By Reece Clark
As the world rings in 2018, privacy experts collectively brace for a new year of information security challenges. While ransomware, denial of service attacks, and endpoint security vulnerabilities will remain top of mind in 2018, new threats and risk factors will also emerge. Likewise, traditional hacking threats are likely to be more sophisticated in 2018, with new and more powerful hacking tools in the hands of bad actors. Businesses, consumers, and governments must remain vigilant in their information security posture as they face these new and diverse cybersecurity challenges. Polsinelli on Privacy looks at four areas of information security poised to make headlines in 2018.
1) The “Internet of Things” Goes Mainstream
The Internet of Things or “IoT” is an exponentially expanding network of connected devices and people. 2018 is predicted to be a boom year for IoT, making the technology truly disruptive. But as more widgets connect to IoT, hackers see new opportunities for extortion, blackmail, and mischief. What can a business do to protect itself? First, be proactive about configuring the security settings on your IoT devices and install security updates regularly. Second, work with security experts, counsel, and internal actors to develop an IoT security plan before an issue arises. Such planning helps businesses understand the IoT threat landscape and focus on ways to address IoT security at an enterprise level. Finally, organize your thinking around some strategic principles for effectively securing your IoT platform. The Department of Homeland Security has issued guidance, for example, that can help both public and private entities address their IoT security posture.
2) Cloud Insecurity Grows
Cloud computing will continue to be an attractive option for consumers and businesses seeking to host data and applications remotely. Cloud services, however, pose a variety of security challenges that enterprising hackers increasingly seek to exploit. In 2018, cloud insecurity will grow as the volume of sensitive data stored in the cloud expands at a record-setting pace. What should a business do to secure its cloud-based assets? First, it should work with counsel to understand where responsibility lies for protecting the cloud. Cloud providers often employ a shared responsibility model, putting the onus on the customer for protecting what is in the cloud while the vendor protects the cloud itself. Second, businesses should fully understand, and prepare for, the variety of threats posed by cloud services ranging from data breaches to insecure interfaces and APIs. Finally, where necessary, businesses can employ encryption for cloud-hosted data or consider using an encrypted cloud service.
3) High Profile Hacking Groups Continue Attacks
2017 was ground-breaking in the volume and scale of world-wide hacks and heists. In 2018, expect more of the same but on a larger scale. High-profile hackers have access to new tools and exploits, including new “ransomworms” which will make them even more dangerous to your business. Ransomware attacks remain a profitable gambit and over the last two years, the rate at which organizations have been attacked has nearly doubled. As a first line of defense, companies and consumers can protect themselves by exercising internet commonsense: update software regularly, use an anti-virus agent, be savvy with pop-ups and suspicious emails, and regularly back-up data. Businesses should also work with counsel and security experts to develop a comprehensive security plan to respond to attacks and advanced persistent threats.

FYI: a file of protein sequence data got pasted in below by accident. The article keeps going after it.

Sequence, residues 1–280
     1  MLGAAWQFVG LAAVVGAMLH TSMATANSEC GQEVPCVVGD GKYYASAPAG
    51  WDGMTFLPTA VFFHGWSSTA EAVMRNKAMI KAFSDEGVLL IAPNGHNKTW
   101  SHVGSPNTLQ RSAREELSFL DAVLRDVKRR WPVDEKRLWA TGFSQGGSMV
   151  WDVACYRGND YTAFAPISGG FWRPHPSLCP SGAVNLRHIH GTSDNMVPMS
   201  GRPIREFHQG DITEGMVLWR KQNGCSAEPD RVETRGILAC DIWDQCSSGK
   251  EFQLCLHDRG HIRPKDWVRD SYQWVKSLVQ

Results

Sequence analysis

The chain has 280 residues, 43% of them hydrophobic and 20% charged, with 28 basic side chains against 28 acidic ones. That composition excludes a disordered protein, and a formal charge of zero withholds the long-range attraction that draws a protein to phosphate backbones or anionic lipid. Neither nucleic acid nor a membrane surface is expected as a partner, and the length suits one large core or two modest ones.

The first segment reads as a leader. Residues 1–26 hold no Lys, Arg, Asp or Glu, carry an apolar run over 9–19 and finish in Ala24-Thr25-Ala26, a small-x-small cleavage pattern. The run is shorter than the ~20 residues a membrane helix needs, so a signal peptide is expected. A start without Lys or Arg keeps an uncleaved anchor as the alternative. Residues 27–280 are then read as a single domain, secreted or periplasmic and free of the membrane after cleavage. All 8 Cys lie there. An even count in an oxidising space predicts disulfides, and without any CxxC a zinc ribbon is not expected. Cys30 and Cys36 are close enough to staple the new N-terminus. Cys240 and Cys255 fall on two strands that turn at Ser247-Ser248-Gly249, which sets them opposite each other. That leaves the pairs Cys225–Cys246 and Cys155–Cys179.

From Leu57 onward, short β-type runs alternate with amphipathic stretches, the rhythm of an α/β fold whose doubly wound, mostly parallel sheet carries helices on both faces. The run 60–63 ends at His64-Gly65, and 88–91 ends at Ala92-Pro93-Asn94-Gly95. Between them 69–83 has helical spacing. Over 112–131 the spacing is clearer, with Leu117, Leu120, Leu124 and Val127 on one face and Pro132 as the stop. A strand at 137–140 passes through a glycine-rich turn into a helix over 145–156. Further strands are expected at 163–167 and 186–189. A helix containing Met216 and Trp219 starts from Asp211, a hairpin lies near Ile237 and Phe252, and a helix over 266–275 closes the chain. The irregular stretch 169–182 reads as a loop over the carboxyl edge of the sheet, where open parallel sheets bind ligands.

4) Artificial Intelligence (“AI”) Adoption Continues
The adoption of AI will continue to accelerate in 2018, permeating more of our everyday life. The role AI will play in society is evolving as more companies find new ways to incorporate AI into their business decisions and through e-commerce. In 2018, expect consumers to further acclimate to “always on” devices in their homes, and improve at interacting with such devices via voice. Also expect AI to drive smart automation in a variety of industries, including retail, maintenance, and energy. What should your business be thinking about with AI? First, understand the security threats posed by AI and how those threats could impact your business. Second, if your business is thinking about prototyping new AI, putting a plan in place is critical. As Forrester points out, AI is hard to do right and over half of the firms that have made AI investments have yet to see a return. By putting a plan in place, your company will clarify your data foundation, the level of business expertise needed, and the right business model for deploying AI —thus supporting smarter investment. If your company is seeking expertise in planning new AI projects, or increasing security within an existing AI deployment, Polsinelli can help.